A sustainable future requires more than just technological innovation. We must change the way we think and behave to avoid environmental catastrophe. The lessons of applied psychology are crucial in this endeavour.
In Sustainable Solutions, Robert G. Jones combines insights from biological adaptation with a psychological analysis of the ways in which we identify problems, consider solutions, and take action.
He examines the complicated web of behaviours and motivations that underlie our sustainability problem, and identifies concrete actions social scientists, policymakers, and individuals can take to help transform ourselves, and our planet, for the better.
For centuries, human beings have transformed our physical environment to service our needs and desires. But today, thanks to the waste and depletion of natural resources and the looming threats of climate change, we must learn to adapt ourselves in order to create a sustainable planet for our children and grandchildren.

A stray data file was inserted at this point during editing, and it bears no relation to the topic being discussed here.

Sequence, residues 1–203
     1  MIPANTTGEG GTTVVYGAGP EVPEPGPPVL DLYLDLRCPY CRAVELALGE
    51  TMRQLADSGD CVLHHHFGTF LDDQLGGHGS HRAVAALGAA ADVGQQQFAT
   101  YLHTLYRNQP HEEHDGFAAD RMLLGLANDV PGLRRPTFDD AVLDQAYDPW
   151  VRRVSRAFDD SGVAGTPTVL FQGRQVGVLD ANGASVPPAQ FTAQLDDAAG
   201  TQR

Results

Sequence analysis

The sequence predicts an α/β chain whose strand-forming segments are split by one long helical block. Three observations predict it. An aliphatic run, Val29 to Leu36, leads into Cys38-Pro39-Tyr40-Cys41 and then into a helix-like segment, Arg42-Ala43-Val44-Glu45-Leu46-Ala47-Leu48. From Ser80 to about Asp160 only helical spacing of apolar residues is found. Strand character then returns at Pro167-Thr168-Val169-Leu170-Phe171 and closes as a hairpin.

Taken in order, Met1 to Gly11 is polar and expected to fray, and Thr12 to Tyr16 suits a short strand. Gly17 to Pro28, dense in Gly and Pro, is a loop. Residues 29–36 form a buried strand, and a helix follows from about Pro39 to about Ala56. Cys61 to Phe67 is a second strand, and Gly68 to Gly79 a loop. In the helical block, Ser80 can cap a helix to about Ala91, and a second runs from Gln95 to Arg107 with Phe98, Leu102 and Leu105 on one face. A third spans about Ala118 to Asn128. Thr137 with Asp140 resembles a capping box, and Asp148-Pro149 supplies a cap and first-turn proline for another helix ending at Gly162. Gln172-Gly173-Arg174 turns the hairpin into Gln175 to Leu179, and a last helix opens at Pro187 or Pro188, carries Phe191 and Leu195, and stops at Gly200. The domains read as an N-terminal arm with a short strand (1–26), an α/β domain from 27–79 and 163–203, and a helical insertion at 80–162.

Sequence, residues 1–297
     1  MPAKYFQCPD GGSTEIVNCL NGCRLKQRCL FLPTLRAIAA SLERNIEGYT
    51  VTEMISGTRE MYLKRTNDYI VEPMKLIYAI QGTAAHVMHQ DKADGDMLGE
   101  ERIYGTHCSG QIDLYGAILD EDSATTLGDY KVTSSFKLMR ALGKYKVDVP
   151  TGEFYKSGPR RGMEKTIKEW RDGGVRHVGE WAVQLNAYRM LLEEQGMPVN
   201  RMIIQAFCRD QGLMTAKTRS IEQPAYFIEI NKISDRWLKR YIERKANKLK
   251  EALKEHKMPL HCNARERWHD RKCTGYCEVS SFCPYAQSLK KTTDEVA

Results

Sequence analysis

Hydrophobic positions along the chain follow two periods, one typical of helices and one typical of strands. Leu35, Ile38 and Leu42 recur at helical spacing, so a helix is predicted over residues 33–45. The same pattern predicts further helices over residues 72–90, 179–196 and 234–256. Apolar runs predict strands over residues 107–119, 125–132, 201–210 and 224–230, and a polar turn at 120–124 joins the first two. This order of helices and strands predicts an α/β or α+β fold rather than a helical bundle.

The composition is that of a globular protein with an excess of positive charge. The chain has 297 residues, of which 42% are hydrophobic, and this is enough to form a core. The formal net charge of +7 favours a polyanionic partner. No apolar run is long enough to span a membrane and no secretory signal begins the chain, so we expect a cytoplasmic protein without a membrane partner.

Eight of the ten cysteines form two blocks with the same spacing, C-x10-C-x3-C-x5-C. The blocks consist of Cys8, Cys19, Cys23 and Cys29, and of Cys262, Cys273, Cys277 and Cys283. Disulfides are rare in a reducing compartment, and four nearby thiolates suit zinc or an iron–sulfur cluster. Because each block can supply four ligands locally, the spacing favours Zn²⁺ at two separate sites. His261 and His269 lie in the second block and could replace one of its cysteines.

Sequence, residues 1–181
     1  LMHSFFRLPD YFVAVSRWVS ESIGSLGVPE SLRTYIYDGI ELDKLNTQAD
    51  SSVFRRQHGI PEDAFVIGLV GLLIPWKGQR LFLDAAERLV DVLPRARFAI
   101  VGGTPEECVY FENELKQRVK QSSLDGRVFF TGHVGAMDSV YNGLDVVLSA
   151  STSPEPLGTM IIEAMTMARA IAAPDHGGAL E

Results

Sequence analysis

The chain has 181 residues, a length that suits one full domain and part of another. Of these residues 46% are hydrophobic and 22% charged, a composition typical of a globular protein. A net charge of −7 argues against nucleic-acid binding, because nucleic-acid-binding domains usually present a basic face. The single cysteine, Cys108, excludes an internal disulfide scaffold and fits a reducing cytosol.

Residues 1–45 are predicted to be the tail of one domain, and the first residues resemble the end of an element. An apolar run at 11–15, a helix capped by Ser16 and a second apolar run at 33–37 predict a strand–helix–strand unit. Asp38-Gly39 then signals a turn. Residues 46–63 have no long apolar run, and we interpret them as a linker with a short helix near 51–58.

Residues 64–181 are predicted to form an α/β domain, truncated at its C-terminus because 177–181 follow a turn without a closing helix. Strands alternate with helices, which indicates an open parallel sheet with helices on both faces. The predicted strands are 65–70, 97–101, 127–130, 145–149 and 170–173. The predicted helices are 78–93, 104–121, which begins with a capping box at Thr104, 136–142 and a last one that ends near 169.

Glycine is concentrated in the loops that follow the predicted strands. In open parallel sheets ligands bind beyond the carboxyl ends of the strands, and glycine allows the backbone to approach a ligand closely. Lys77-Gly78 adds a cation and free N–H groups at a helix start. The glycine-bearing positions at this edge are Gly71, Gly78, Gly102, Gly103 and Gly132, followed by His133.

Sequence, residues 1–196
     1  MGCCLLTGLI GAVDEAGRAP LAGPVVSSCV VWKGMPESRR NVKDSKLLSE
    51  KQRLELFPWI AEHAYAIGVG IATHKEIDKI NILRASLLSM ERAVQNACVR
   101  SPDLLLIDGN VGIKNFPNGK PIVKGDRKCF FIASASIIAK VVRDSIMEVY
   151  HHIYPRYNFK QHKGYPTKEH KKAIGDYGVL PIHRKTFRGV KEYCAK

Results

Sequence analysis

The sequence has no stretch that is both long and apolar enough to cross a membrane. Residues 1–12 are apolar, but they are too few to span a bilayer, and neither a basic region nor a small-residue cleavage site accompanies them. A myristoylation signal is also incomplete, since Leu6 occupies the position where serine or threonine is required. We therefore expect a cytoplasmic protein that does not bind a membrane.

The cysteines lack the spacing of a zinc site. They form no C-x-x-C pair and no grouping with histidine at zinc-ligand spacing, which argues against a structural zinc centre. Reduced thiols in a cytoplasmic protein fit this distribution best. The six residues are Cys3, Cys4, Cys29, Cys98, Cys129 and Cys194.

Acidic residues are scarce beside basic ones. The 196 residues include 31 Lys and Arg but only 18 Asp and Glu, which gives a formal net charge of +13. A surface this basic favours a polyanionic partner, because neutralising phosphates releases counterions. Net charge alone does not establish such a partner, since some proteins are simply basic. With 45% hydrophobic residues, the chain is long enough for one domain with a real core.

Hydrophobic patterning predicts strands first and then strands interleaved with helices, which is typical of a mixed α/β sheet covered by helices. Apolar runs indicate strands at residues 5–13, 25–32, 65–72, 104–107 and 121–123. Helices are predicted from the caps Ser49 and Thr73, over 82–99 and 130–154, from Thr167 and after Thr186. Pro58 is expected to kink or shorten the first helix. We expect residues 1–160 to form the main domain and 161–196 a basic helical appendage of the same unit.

This book is written for scholars and students in environmental, applied, and evolutionary psychology, as well as a scholarly and advocacy audience in conservation, sustainability, and environmental studies.
Robert G. Jones, PhD is a professor of psychology at Missouri State University. His research and professional interests are in industrial and organizational psychology, and relate to management, prejudice, and ethical decision-making. He is the author of the textbook Psychology of Sustainability: An Applied Perspective (Routledge, 2015; second edition in progress). Dr Jones teaches Statistics and Environmental Psychology courses at the undergraduate level and Performance Assessment, Selection, and Internship and Thesis Supervision at the graduate level. His affiliations include the Academy of Management, Personnel Psychology: Book Review Editor, Springfield City Council: Member, and Society for I-O Psychology. Dr Jones's research and professional interests lie in assessment centres, construct validation, emotive perception, feedback responses, job analysis, nepotism, prejudice, and rating and decision biases.